Anne Lee

The Albrecht Kinsey approach to soil fertility has not provided a silver bullet in the quest to reduce nitrate leaching, a trial on a long-running Canterbury study at Back Track Dairies has found.

Proponents of the approach claim it can benefit the biology of the soil and improve nutrient retention.

But results from the field study which measured the amount of nitrogen at various soil depths through the late autumn, winter and early spring found that for nitrogen at least the Albrecht Kinsey approach didn’t help.

In fact, there was more nitrate nitrogen measured further down the soil profile heightening the risk of leaching although scientists point out that other factors were more likely to have been at play here – quite separate to any effect from the Albrecht Kinsey fertiliser approach.

Lincoln University senior lecturer in animal sciences Dr Racheal Bryant carried out the research through winter last year as part of the larger Back Track Dairies study into the alternative soil fertility approach.

Jeremy Casey and Kim Solly have been running the two dairy units in their equity partnership operation using the two different approaches since the farms were converted in 2012.

Fertiliser applications on the 155-hectare Whakapono farm, on the south side of Back Track, are made based on Albrecht Kinsey base cation saturation theories while the 210ha Waiora farm is fertilised based on conventional plant sufficiency fertiliser management.

The amount of nitrogen fertiliser applied on each farm has also been different with the conventionally managed farm receiving 151kg N/ha/year on average from 2014-2018 and the Albrecht Kinsey-run farm receiving 115kg N/ha/year.

Total pasture production has been similar on both farms with slightly more clover on the Albrecht Kinsey farm.

Jeremy has used urea applications as a means to boost pasture as needed based on round lengths and feed supply demand but has used notably lower rates on both farms than typically seen on Canterbury dairy conversions.

Last season though, in an effort to bring the conventional farm more in line with the Canterbury norm, he increased the rate to 167kg N/ha.

The Albrecht Kinsey farm received 89kg N/ha.

Other than that, both units are managed similarly.

‘The pasture has been actively growing at a greater rate and taking up the nitrogen over that period whereas the pastures in the trial area on the Albrecht Kinsey-managed farm were slower growing, leaving more nitrogen in the soil which was then free to move down the soil profile with drainage.’

Racheal says five paddocks were used on each farm and paired for the field study based on grazing dates through the last two grazing rounds.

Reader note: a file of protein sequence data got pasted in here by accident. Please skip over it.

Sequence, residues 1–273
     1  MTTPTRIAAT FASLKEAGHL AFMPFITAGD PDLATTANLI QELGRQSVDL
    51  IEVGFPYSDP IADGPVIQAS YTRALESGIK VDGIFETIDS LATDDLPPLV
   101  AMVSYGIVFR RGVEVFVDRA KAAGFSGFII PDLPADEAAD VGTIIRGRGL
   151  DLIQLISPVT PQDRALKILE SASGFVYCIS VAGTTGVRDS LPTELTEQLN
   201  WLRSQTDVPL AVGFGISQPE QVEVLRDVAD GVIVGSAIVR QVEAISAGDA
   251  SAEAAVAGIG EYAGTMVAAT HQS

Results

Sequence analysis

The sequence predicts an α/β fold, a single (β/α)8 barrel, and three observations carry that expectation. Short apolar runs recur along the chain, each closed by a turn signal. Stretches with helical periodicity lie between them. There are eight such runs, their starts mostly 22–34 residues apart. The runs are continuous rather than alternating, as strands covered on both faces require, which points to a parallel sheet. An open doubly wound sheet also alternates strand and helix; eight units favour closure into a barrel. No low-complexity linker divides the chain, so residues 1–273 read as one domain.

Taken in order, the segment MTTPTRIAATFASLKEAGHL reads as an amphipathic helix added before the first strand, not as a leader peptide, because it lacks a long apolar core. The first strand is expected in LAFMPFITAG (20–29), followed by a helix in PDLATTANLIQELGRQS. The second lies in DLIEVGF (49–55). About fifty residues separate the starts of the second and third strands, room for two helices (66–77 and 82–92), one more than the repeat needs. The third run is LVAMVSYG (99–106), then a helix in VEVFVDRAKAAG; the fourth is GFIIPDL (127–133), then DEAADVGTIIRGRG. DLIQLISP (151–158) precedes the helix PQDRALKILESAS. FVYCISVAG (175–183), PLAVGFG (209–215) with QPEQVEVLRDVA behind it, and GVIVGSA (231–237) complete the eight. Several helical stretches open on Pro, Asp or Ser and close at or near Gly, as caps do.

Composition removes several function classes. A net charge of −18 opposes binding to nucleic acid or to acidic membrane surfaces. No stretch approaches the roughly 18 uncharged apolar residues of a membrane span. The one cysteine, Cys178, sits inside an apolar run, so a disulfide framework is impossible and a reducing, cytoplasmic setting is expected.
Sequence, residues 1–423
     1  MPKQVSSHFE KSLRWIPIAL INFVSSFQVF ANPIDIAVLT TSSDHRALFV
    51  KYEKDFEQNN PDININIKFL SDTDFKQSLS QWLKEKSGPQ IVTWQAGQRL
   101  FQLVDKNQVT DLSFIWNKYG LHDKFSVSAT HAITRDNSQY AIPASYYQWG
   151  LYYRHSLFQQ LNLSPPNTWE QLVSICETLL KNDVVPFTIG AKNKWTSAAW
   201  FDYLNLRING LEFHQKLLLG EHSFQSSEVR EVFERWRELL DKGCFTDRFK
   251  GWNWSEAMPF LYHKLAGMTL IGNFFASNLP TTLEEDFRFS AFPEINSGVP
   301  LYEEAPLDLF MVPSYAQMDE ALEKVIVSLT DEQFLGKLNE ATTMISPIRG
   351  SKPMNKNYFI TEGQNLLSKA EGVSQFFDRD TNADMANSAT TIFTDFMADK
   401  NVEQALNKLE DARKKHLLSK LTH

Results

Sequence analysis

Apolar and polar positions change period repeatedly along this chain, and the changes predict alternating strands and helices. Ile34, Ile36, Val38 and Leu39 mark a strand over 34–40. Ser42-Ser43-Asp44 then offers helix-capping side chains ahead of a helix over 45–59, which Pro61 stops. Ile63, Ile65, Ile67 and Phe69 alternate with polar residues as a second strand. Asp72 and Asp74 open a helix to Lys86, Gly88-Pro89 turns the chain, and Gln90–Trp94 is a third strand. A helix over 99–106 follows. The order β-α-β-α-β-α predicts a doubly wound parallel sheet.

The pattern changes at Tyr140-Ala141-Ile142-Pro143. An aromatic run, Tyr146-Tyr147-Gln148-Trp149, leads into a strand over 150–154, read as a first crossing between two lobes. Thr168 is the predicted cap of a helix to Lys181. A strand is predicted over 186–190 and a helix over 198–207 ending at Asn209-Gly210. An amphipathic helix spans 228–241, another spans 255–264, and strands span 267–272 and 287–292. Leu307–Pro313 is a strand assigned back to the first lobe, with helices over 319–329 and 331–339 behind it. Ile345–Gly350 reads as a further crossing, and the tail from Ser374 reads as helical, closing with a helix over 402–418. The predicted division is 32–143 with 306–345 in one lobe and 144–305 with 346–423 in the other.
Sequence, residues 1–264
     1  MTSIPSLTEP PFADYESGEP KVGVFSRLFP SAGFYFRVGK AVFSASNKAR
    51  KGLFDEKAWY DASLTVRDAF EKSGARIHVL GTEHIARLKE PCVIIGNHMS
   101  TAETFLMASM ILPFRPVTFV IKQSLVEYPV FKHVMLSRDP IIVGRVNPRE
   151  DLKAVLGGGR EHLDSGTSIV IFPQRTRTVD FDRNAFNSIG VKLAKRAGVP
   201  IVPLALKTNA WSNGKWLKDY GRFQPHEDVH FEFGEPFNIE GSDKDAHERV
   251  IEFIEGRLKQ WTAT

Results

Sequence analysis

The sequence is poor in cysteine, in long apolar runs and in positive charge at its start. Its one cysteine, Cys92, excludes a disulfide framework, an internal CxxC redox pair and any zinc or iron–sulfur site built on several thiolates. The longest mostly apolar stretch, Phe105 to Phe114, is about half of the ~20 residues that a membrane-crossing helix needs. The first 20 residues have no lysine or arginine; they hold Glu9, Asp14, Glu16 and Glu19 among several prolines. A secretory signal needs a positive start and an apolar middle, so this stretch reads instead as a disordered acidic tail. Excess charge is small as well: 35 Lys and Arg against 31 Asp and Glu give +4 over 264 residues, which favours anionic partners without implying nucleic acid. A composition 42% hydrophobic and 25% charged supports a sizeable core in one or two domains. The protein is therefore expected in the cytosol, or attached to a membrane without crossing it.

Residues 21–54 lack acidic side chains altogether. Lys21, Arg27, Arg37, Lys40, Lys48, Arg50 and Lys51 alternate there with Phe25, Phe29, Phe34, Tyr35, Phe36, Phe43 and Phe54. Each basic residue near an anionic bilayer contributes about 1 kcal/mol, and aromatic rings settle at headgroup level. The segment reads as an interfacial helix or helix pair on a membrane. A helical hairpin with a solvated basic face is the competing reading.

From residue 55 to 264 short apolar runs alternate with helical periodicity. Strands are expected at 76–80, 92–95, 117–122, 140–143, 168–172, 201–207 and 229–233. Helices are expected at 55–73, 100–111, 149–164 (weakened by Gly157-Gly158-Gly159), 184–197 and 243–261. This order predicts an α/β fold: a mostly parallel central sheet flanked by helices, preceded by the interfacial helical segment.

Within each paddock three 10m x10m sites were selected and within them four smaller quadrats set up.

Two litres of artificial urine standardised to 600kg N/ha was applied to areas within those quadrats to simulate a urine patch.

Soil core samples were then taken from both the simulated urine patch areas and non-urine patch areas so that soil could be sampled at four depths from 0-10cm, 10-20cm, 20-40cm and 40-60 cm.

The sampling was repeated four times through to early August before the cows returned to the paddocks.

Both nitrate and ammonium levels were tested at each depth.

Racheal found that at the start of the trial although there was no difference in nitrate levels between the two farms at all depths, the Albrecht Kinsey-treated soils had significantly higher nitrate nitrogen levels at the 20-60cm depth when tested from day 20 right through to 70 days after the urine was applied.

Pasture measurements were also taken and showed significantly more pasture grew through the winter on the conventional farm.

“That’s likely to be the major reason behind lower levels of nitrate in the conventional soils.

“The pasture has been actively growing at a greater rate and taking up the nitrogen over that period whereas the pastures in the trial area on the Albrecht Kinsey-managed farm were slower growing, leaving more nitrogen in the soil which was then free to move down the soil profile with drainage.

“At the paddock level we can’t say the Albrecht Kinsey approach increased the chances of nitrate leaching but at the urine patch level we can say it didn’t offer any solutions as a way of retaining nutrient in the soil as some people promote.”

Racheal says differences in pasture growth may have been associated with differences in pasture species.

More clover in the Albrecht-Kinsey system means less grass to grow during the winter as clover has very low growth in winter compared with perennial ryegrass.

Indirectly more clover is the result of less N fertiliser on the Albrecht-Kinsey farm, she says.

Ironically the extra grass growth meant that despite the conventional farm having almost double the nitrogen fertiliser applied through the season it showed less leaching potential in this case.

“It could be more of a nitrogen story here than anything else but we have to be careful to draw conclusions for the whole farm based on the plot trial.”

“It gets complicated by differences in timing of application, seasonal effects, a number of things.”

The farm-scale Overseer budget comparisons have shown no significant difference between the two farms in the past until last season when the conventional farm’s Overseer nitrate loss number was more than 10 units higher as a result of the increased nitrogen fertiliser rates.

“In terms of nitrate losses, I think the trial confirms the Albrecht Kinsey approach isn’t going to be a silver bullet and it’s the things we already know about such as reducing autumn deposition of nitrogen and having winter active plant species that offer the best solutions at the moment.”